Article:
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A view of Poison Spring Historic Battlefield Site.  Photograph by A.C. Haralson, courtesy Arkansas Department of Parks and Tourism

At the outset of the Civil War, Camden, Arkansas, was a bustling commercial center on the Ouachita River roughly 120 miles south of Little Rock. Rows of trim white houses sheltered 2,219 people, making Camden the second largest city in the state.1          

Yet when Major General Frederick Steele approached Camden with a Union army in April 1864, the place took on the appearance of a ghost town. Many of the city’s young white males had gone off long ago to fight for Southern independence. The remaining white residents cowered in their homes, wondering what punishment the invaders might inflict on a community so firm in its support of the Confederacy. Such terror was a new experience for Camdenites, as no other large Union column had penetrated that far into southwestern Arkansas. As Private Wiley Britton of the 6th Kansas Cavalry gloated: “Our rapid advance caused almost a complete panic among the rebel civilians. . . . so much so that they seemed to think the whole country was flooded with Yankees.”2

That blue flood surged into Camden near dusk on April 15. “The awful day of all days-the dread event feared for years,” local merchant John W. Brown scribbled in his diary. “About 6 O clock, an enemy infuriated by combat & hunger came rushing down our main street and diverging into the cross streets. . . . Northern muskets, swords & bayonets glittering with the last rays of the setting sun with fierce imprecations and hideous shouts of exultation.”3

Steele, the commander of the Union Department of Arkansas and VII Army Corps, drew his army from two sources. Nine thousand men grouped in one infantry division and one cavalry division accompanied Steele when he left Little Rock on March 23, 1864. Brigadier General John M. Thayer had already marched from Fort Smith two days earlier with the Frontier Division, just under five thousand troops in two infantry brigades and one of cavalry. The two Federal columns rendezvoused on the Little Missouri River south of Arkadelphia on April 9.4

Thayer’s 2nd Brigade included the 1st and 2nd Kansas Colored Infantry, the first black regiments ever committed to an active combat role in a major Union offensive in Arkansas. That fact infuriated Confederate soldiers and civilians alike. “Only one thing stirred my Southern blood to heat,” admitted a Camden housewife, “was when a negro regiment passed my home going to fight our own dear men.”5

Steele’s ultimate destination was Shreveport, Louisiana, on the Red River, where he planned to join a larger Union army and a gunboat flotilla under Major General Nathaniel P. Banks. Banks wanted Steele to assist in an invasion of Texas and the seizure of vast supplies of cotton for profit-hungry Northern speculators.

Steele’s route south was not an easy one. Lieutenant General Edmund Kirby Smith, the commander of the Confed-eracy’s Trans-Mississippi Department, concentrated much of his strength in Louisiana to oppose Banks, but he left six thousand cavalry behind to defend southern Arkansas. Most of these Rebel troopers were well-mounted and armed with long-range Enfield and Richmond rifle muskets, which enabled them to function as potent mounted infantry. Beginning on April 2, the Confederates subjected Steele’s main column to constant harassment, contesting river crossings and pressing his rear guard. “I don’t think there was a day passed without some one being Shot,” claimed one Union infantryman. The Confederates continued their hit-and-run tactics even after Steele and Thayer united on the Little Missouri.6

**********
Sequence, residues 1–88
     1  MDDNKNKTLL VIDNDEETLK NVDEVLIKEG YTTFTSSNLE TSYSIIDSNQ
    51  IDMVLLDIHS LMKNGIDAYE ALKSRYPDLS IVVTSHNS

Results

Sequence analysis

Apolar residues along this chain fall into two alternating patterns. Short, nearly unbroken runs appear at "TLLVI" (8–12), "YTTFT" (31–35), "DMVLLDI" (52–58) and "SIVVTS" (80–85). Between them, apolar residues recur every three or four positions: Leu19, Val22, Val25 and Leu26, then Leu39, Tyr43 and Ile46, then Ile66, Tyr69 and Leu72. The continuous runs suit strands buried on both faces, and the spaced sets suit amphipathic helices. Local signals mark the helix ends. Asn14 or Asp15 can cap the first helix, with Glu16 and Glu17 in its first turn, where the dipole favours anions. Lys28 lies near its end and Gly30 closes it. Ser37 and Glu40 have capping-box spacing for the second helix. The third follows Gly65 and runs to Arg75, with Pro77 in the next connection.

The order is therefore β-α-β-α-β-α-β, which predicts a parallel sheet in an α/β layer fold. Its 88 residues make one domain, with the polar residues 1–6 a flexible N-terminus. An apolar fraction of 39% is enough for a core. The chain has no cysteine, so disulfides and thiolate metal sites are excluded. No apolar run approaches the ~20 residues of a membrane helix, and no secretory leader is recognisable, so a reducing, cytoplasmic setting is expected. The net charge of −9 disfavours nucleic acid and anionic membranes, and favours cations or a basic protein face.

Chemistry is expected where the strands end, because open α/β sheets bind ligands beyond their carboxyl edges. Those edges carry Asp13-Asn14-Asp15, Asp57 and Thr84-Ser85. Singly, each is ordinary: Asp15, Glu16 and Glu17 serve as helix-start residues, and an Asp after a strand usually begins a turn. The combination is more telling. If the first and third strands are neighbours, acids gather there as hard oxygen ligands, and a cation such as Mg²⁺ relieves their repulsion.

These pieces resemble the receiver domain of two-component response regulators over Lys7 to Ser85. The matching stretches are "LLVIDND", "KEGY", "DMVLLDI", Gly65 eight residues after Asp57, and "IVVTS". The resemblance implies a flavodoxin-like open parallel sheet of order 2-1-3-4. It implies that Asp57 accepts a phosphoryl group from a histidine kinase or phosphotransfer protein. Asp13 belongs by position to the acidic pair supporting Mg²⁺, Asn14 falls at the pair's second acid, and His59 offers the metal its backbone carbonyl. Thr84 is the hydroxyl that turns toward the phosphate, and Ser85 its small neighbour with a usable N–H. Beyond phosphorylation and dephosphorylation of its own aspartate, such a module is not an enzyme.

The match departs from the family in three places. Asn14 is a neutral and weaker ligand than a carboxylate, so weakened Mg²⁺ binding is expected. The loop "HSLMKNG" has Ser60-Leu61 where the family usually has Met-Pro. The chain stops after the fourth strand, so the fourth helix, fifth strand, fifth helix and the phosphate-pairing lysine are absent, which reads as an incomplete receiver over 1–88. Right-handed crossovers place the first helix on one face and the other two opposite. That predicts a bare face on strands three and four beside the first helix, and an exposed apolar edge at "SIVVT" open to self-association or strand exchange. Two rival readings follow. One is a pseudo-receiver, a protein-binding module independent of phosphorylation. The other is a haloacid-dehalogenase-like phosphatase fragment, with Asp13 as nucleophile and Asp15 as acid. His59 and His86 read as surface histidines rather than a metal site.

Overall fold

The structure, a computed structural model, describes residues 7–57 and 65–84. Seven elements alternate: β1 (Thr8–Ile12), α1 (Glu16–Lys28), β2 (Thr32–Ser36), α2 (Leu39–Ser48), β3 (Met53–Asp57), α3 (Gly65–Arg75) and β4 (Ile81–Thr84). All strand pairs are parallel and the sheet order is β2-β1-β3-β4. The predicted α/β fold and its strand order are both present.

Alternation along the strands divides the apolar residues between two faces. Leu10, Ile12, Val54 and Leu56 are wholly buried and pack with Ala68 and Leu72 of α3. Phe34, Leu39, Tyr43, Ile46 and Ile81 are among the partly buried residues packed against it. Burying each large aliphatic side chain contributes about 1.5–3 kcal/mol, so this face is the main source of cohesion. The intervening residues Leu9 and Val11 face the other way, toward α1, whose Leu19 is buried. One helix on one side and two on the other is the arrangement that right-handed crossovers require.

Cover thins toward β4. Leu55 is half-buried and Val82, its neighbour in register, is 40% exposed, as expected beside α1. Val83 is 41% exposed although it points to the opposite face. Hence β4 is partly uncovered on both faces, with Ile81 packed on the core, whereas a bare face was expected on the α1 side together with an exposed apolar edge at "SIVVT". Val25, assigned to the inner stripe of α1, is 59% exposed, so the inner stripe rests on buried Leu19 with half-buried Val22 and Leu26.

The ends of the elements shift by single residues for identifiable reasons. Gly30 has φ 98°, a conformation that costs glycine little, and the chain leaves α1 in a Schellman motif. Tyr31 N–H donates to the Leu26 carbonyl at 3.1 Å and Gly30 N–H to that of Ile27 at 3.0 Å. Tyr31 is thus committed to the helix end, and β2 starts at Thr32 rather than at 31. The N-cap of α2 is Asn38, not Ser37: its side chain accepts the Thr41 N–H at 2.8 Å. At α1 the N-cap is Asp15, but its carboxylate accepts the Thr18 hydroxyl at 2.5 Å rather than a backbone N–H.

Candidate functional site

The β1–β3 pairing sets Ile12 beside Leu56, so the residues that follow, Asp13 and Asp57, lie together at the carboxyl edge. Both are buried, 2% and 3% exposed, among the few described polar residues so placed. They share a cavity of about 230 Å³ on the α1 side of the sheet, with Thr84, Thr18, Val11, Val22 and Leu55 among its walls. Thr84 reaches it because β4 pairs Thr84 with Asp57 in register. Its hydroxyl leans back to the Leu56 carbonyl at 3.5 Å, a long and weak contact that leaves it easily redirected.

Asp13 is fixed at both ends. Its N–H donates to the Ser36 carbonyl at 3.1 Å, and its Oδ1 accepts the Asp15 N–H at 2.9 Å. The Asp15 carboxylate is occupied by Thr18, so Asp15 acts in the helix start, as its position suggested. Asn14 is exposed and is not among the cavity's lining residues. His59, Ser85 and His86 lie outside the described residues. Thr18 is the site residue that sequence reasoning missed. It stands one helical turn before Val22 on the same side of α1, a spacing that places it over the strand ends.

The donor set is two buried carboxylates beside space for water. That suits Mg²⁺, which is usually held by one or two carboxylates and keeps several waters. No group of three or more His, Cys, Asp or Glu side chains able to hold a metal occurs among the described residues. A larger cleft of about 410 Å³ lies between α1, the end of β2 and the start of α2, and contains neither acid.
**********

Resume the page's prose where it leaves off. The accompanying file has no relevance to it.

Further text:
Though Steele’s soldiers cursed enemy bushwhacking and muddy roads, the most formidable adversary they encountered was hunger. The Federals passed through a country that had been scoured by Confederate foragers since the fall of 1863. By the time the invaders reached Camden, they had been on half-rations for three weeks, and they immediately searched the city for anything to eat. “The soldiers dashed to our doors demanding food,” John Brown confided to his diary. “I soon handed out all the victuals which were on hand, cooked. After dark they brook into the smoke house & commenced carrying off as they wanted.” Mrs. A.J. Marshall, a schoolteacher, watched in horror as blue foot soldiers “broke open the smokehouse with one blow of the butt-end of their muskets, stuck their bayonets through as many joints of meat as would stick on them, filled seives and boxes with meat, rice, sugar, coffee, flour, etc.”7

While the larders of Camden afforded temporary relief to the famished Union troops, Steele faced another problem. His future mobility depended on providing sufficient forage for the twelve thousand horses and mules attached to his army. As Captain Charles A. Henry, Steele’s chief quartermaster, commented: “The difficulty of procuring forage occasioned great uneasiness, as we were without any base of supplies and with an active enemy in front.”8

Fortunately, Captain Henry learned that five thousand bushels of corn had been stored at some farms sixteen miles west of Camden. He quickly assembled a forage train of 198 wagons to collect this prize, which could be converted into meal for Steele’s soldiers or feed for his


As originally published in
North and South Magazine:
August 2000

An anonymous white officer of the 2nd Kansas Colored Volunteer Infantry, the regiment that avenged the Poison Spring Massacre twelve days later at the Battle of Jenkins’ Ferry. Kansas State Historical Society














General Frederick Steele. Battles and Leaders of the Civil War




Colonel James Monroe Williams, 1st Kansas Colored Volunteers. Kansas State Historical Society

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